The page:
But really, even those only tell part of the story. Good as they are, they don't quite convey the batshit crazy shimmer of some of the lesser known (by modern standards, anyway) celluloid gems.
One finds fear of environmental degradation and Big Brother capitalism in Blade Runner, but things like The Road Warrior (1982), its sequel Mad Max Beyond Thunderdome (1985), RoboCop (1987) and They Live (1988) dig under your skin in a way that's more immediate. The Thing may sublimely spark our paranoia of the alien within, but The Terminator (1984), with the governor of California in the role he was born (or created) to play, amps that factor way past 11. Aliens shields its Vietnam allegory (one of many released during the period) by switching the action to an alien planet, but John McTiernan brings it much closer to home in Predator (1987), though its setting is South America (which, at the time also became a burgeoning realpolitik nodal point). And while few filmmakers can match Terry Gilliam's surrealist vision of Joseph K. and/or Winston Smith as Walter Mitty, it didn't stop filmmakers like Alex Cox (Repo Man (1985)) or Slava Tsukeman (Liquid Sky (1982)) from trying. These movies are still a gas, but they begin to show their age; it's hard to watch Repo Man and not laugh at the punk styles, or snicker at Roddy Piper's mullet in They Live, but once you get past their genuinely period concerns, resisting their raw energy and entertainment factor becomes difficult.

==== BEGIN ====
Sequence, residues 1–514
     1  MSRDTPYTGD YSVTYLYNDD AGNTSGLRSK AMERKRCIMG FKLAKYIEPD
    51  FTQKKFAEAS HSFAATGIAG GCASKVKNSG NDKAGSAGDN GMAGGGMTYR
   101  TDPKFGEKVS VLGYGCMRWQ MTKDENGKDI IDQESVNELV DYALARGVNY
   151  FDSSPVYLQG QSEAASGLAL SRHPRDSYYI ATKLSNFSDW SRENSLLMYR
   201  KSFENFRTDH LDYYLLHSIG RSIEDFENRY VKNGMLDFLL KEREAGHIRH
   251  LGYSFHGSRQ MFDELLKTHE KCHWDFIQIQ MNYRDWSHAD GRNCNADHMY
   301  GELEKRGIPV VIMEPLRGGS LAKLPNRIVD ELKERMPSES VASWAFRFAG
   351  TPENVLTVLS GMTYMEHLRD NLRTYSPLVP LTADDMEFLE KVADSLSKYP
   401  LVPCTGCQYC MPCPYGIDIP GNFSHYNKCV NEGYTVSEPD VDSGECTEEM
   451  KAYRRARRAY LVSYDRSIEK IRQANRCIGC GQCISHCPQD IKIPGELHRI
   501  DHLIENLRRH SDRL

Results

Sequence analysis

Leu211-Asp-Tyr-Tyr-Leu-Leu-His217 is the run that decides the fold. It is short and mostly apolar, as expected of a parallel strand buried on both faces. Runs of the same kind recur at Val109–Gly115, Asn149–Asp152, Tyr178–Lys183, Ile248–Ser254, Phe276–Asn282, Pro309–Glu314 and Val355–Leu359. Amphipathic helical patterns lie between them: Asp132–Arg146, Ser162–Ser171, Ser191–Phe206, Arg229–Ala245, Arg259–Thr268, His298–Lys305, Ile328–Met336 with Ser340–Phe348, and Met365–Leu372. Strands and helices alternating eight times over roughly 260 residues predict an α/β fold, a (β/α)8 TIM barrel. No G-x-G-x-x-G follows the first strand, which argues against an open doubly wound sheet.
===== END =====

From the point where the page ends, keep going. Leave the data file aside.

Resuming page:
And a number of films dealt sometimes nobly, sometimes gratingly, with the threat of annihilation. The Day After (1983) scared the bejeezus out of me in 1983, with its manic view of a society dealing with impending nuclear disaster and its aftermath, but the older I get, the more I find the quieter breakdowns of Testament (1983) far more compelling. I remember wanting to love War Games (1983), but after reading William Gibson's "Burning Chrome" in Omni (at about the same time I caught repeat showings of the very stilted, very dated Tron (1982)), and having done some limited programming on my stepfather's Apple IIe, I just couldn't buy into Matthew Broderick's self-absorbed hacker inadvertently starting World War III through his modem. The Quiet Earth (1986) posed a different kind of apocalypse, with only three people left on the planet after an energy grid malfunctions, killing everybody else, one that I thought of as I read J.G. Ballard's The Atrocity Exhibition (1971) as a middling college student. Flawed though the efforts might have been, they at least reflected the unease with which we lived side by side with Armageddon.